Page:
Wednesday, February 23, 2011

WTH Effect - A Cautionary Tale

The "What-The-Heck" Effect - A Cautionary Tale

I've seen this happen to quite a few people who find a strength-niche they enjoy. See if it sounds familiar...

A person with solid barbell lifts decides that they really enjoy strongman, or CrossFit, or kettlebells, or grip work. To accelerate their gains in a pet lift or area of specialty, they focus on that activity. As their SPP and numbers improve, they begin dropping the basic strength work that formed the foundation they began with. Eventually, the gains slow to a trickle - to combat this, they power on with more and more SPP, but the gains are still negligible. When they finally say "Forget this!", they return to the power rack to realize that, now, by any measure other than the one they've been training balls to the walls for the past two years, they are weak. Very weak. "WHAT THE HECK???"






It can happen to you. It can happen to me. It can happen to everyone eventually.

So, after an embarrassingly long time away from substantial squatting, I find myself working with weights I would have giggled at just a few short years ago.






2011 will be a good training year. It's getting better everyday.

7 comments:

Paul said...

Just this morning squatted for the first time after a 3+ month layoff.

Worked up to a staggering 135. But my form was great, and I won't be crippled by soreness.

Saturday morning, I'll squat 145. Next Tuesday it will be 155.

Start light, add weight steadily, and get back to where you were in no time.

Paul B./Chicago said...

My unrelated cautionary tale for 2011: not switching things up. Per your review I bought the book & started Dan John's highly prescriptive "Mass Made Simple" program. Note: I haven't changed anything I do in the gym for a very long time.

Result of starting "Mass Made Simple": my whole week has been a mess. Not b/c his program is difficult (so far). I'm like a kid not getting a piece of candy--struggling to follow his workout b/c it's not like mine. I already eat much like he recommends, but suddenly don't want to combine that with his workout. Also have been disorganized at work & at home.

To top it off, when I read his brief chapter on "rest", I realized I never really rest at all. I recommend that page to everyone.

Brilliant stuff Boris, and thanks always! This is a great way to start out 2011.

Boris said...

Paul,
Sounds like you're on the right track!

Paul B,
Exactly. Not switching it up is the same as overspecializing.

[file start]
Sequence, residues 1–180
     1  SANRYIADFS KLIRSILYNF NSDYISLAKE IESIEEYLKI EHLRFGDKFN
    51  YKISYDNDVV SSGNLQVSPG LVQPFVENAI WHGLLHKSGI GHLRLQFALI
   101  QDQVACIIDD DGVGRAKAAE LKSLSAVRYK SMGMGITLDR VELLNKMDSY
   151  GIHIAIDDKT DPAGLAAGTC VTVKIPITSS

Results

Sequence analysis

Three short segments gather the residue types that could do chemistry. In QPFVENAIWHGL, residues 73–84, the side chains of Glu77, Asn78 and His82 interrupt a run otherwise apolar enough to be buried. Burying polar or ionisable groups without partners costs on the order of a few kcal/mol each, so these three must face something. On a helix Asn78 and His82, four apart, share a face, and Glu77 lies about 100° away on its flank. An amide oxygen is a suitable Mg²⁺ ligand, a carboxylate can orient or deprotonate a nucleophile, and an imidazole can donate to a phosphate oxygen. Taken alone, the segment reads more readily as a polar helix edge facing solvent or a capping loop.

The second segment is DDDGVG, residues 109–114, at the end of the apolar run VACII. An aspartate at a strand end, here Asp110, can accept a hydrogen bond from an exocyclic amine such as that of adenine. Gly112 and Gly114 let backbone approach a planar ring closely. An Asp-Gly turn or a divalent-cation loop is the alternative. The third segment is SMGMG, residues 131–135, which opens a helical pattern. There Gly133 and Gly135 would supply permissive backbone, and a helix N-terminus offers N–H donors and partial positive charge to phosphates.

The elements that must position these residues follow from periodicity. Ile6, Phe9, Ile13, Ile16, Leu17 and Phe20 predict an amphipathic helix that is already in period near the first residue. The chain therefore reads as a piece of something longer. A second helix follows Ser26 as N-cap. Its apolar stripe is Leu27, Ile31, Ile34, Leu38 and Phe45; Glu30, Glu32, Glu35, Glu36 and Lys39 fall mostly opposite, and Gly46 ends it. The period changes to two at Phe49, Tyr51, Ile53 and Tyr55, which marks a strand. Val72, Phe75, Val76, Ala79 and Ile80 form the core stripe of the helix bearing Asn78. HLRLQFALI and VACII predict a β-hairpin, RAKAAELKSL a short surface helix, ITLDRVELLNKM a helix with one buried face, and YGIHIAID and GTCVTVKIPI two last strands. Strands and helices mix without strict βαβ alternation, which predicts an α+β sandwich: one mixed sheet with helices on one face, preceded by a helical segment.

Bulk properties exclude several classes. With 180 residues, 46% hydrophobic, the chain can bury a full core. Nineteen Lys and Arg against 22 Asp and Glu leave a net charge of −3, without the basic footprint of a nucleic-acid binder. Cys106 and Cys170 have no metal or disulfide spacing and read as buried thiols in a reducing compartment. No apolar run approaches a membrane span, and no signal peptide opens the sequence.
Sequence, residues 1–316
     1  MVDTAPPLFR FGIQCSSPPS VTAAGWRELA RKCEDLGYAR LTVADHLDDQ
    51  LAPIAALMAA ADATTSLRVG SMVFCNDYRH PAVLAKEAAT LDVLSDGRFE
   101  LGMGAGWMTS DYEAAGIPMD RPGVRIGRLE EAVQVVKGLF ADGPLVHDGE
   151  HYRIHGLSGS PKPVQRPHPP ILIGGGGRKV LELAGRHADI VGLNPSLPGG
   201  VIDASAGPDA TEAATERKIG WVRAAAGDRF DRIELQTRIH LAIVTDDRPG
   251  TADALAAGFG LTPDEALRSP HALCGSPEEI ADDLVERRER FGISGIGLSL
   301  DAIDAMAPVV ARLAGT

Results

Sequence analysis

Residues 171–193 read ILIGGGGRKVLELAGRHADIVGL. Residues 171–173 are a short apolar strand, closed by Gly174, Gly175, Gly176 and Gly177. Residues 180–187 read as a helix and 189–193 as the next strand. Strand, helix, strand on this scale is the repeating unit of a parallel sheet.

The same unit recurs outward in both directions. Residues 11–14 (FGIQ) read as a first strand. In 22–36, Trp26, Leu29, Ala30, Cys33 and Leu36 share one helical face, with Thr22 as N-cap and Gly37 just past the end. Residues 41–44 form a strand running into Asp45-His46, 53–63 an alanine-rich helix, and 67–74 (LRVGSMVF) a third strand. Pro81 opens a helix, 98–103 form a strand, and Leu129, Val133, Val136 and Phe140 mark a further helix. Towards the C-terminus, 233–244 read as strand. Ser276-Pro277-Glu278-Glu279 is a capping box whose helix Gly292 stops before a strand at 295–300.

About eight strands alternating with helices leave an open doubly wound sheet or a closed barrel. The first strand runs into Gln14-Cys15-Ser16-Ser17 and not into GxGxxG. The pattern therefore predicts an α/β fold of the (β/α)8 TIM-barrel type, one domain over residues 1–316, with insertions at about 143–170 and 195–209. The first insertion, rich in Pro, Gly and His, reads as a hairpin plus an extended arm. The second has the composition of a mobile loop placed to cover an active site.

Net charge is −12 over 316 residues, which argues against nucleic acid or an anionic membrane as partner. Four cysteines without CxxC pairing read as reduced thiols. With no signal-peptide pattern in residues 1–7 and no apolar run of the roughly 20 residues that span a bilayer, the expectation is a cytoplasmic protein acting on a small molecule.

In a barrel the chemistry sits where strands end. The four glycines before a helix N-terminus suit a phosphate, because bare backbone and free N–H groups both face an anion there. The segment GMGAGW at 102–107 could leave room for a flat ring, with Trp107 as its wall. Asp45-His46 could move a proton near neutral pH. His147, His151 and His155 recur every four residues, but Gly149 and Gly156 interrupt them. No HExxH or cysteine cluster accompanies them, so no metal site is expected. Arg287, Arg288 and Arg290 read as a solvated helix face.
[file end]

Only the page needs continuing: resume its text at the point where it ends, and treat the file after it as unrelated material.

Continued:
Thank you very much - I hope you enjoy MMS.

Boris

Sable said...

I just found your blog and I am so excited! :)

I totally relate to this post btw... I laid off straight legged deadlifts for about 10 wks due to an old injury acting up, and two weeks ago when I did 'em again for the first time I was mortified at how much less weight I could move :( It'll come back though -- thank God for muscle memory!

Boris said...

Thank you Sable.

Lay-offs because of injury - I just wrote about this on a forum... There IS a lot to be mined from the experience, but that's tough to do when you're pissed, feeling sorry for yourself, feeling "entitled" to train, etc. If you can detach from the injury and training, it makes it easier to cope and you'll probably have a more productive recovery and come-back.

I hope your training goes well and thanks for being here!

Anonymous said...

Once I got my squat to 440lbs. I was burnt out, and stopped squatting for 3 months. When I came back it took me a half year to get back up to 440lbs again. There and then I decided that I'd never stop squatting until I quit altogether, apart from injuries and sickness, this I have done for the last 9 years. I've set my self a big squat as a target, and to get there, there will be no excuses. Just hard and smart work.

Boris said...

3 months off took a year and a half to recoup your losses? That's a tough road back. 9 years is really admirable - well done and keep on squatting!

I fallen far, and I won't be rushing things, but I plan to maintain acceptable levels now for as long as humanly possible. There's really never a good reason (for me) to stop squatting.